In the same way in which ad viewability was the hot topic issue these past 18 months, Placed anticipates location accuracy to enter into the headlines. Placed’s research found that on average the accuracy of exchange based locations were on average off by more than 4 city blocks! Additionally only 1% of bid request are accurate enough to identify store visits.
Download Placed’s Accuracy & Bias in Ad Exchange-Derived Location Data White Paper at https://www.placed.com/resources/white-papers/location-accuracy-bias
Excerpts from the white paper:
Growth in location based advertising is tied to continued growth in mobile usage. Current spend projections for location based targeting are estimated to reach almost $30B by 2020. As spend increases, so will expectations around validating the accuracy of both the location data and the subsequent visitation impact
However, there are several well known limitations of exchange-derived location data. First, the
source (e.g., GPS, cell tower, WIFI, IP) and accuracy of a given exchange-derived location data
point is generally unknown without additional validation. Second, given that ad impressions are
served and exchange-derived locations are observed only when the device is in use, there is the
potential for significant measurement bias to exist.
High-level results from the location accuracy analysis include:
- The average accuracy of exchange-derived locations is over 4 New York City blocks.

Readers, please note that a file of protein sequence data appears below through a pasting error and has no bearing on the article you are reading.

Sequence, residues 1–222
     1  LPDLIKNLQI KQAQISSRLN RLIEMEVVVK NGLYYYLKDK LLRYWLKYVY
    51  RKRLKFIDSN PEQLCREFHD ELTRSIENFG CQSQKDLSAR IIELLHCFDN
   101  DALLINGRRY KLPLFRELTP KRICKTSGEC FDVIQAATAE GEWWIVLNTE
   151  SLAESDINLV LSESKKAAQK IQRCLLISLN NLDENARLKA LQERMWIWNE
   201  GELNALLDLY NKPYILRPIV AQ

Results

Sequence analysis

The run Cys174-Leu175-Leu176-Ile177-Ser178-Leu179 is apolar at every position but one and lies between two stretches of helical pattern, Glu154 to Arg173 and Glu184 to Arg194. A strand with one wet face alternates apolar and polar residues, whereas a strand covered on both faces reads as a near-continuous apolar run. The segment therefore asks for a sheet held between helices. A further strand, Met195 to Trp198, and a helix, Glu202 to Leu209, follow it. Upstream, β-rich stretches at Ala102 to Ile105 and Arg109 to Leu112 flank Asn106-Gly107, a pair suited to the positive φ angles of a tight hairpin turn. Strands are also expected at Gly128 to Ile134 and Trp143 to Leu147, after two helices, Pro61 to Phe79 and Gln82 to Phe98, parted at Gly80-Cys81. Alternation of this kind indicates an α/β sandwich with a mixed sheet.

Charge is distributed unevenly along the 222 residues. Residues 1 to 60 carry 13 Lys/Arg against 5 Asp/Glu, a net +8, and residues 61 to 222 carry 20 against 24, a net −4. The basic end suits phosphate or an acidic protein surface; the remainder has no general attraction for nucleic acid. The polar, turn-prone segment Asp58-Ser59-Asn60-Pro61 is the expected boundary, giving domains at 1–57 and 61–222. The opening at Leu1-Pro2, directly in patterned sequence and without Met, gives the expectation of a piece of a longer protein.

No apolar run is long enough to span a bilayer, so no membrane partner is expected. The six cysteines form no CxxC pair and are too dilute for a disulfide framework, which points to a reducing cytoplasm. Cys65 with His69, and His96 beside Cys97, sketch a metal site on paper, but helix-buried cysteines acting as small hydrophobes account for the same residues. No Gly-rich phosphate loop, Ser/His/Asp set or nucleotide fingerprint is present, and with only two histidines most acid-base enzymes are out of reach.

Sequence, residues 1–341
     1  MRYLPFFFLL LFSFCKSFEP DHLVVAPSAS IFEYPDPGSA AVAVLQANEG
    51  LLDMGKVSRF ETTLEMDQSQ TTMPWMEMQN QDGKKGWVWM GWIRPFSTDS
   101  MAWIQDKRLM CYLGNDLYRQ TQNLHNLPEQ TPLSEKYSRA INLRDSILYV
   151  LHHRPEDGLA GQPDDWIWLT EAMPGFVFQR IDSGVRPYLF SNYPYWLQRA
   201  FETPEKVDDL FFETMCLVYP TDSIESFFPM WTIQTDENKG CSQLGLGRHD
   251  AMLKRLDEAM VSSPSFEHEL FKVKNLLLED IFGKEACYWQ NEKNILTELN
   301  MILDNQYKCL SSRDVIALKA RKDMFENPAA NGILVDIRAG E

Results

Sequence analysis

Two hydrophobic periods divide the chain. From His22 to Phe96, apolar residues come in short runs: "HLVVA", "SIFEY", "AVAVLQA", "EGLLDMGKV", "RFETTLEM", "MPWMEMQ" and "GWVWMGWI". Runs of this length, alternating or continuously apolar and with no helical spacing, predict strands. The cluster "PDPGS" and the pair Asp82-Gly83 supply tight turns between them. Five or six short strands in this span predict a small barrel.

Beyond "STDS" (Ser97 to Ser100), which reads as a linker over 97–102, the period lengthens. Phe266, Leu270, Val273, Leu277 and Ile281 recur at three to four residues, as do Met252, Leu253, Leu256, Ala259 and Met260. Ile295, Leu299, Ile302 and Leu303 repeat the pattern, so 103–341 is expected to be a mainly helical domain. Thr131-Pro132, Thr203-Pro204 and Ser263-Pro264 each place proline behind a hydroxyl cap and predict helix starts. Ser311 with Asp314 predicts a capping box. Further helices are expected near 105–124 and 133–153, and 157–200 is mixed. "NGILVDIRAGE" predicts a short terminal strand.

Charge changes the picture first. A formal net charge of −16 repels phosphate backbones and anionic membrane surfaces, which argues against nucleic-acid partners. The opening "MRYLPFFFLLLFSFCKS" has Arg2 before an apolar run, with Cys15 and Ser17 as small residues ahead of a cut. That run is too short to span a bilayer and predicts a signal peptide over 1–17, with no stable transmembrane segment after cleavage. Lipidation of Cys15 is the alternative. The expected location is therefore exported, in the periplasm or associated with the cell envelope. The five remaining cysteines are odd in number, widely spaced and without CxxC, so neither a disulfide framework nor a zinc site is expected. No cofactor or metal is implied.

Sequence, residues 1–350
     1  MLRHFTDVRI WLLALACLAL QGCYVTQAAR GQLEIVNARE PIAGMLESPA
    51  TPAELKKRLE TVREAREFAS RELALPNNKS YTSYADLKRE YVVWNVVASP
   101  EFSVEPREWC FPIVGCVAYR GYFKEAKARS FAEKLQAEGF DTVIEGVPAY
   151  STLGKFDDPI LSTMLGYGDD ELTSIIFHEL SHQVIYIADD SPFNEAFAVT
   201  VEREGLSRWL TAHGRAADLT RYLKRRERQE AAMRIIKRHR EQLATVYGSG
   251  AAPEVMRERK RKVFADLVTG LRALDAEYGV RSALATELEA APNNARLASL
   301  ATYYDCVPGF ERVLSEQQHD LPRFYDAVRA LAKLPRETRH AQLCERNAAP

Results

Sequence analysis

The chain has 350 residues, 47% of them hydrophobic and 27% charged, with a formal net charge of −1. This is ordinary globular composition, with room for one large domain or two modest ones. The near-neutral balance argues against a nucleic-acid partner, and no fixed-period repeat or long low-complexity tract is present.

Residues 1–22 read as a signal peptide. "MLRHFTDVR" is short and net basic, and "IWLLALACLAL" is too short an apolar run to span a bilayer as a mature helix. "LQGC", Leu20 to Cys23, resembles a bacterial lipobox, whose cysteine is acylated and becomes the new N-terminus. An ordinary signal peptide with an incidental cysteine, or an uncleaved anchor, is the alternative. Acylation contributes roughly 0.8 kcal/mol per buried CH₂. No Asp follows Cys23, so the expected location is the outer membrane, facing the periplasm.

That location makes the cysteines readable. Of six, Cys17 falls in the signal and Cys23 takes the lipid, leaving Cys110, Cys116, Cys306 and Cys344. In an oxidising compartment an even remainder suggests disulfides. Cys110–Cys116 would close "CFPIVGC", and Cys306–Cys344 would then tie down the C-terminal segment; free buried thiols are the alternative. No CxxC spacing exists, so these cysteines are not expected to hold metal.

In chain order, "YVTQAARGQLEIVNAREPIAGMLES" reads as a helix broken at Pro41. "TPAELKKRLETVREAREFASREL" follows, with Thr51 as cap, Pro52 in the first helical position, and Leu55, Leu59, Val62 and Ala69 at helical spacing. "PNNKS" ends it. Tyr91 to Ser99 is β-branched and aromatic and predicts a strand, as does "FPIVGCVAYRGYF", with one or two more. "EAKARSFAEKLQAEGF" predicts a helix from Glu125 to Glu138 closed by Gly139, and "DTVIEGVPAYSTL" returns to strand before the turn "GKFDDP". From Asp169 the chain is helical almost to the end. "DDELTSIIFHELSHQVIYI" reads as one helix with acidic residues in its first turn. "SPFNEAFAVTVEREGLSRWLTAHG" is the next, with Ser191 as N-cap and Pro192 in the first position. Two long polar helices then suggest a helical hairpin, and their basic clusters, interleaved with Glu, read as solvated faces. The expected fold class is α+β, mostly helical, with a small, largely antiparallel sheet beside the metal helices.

- After filtering for location accuracy, only 1% of bid requests are useful for in-store measurement (based on a location accuracy < 50 meters).
- 80% of bid requests are made while people are in between visits—and most of the rest are made at home, limiting viable use of the data for determining store visitation or affinity.
Takeaways from the analysis of bias in exchange-driven location data:
- Exchange-derived locations are only present when the device owner is using the phone and browsing an app that serves ads, thus bid stream data over indexes on location data from Lodging, and Gyms & Fitness Centers– likely due to readily available wifi combined with extended time spent at a given business.
- Key retail categories such as Fashion, Professional Services (ex. Staples, OfficeMax), Sporting Goods and Computers & Electronics are under-represented in bid data.
- The skew toward a subset of commercial business categories creates a bias in exchange derived data that requires validation against first party data to ensure corrected weighting.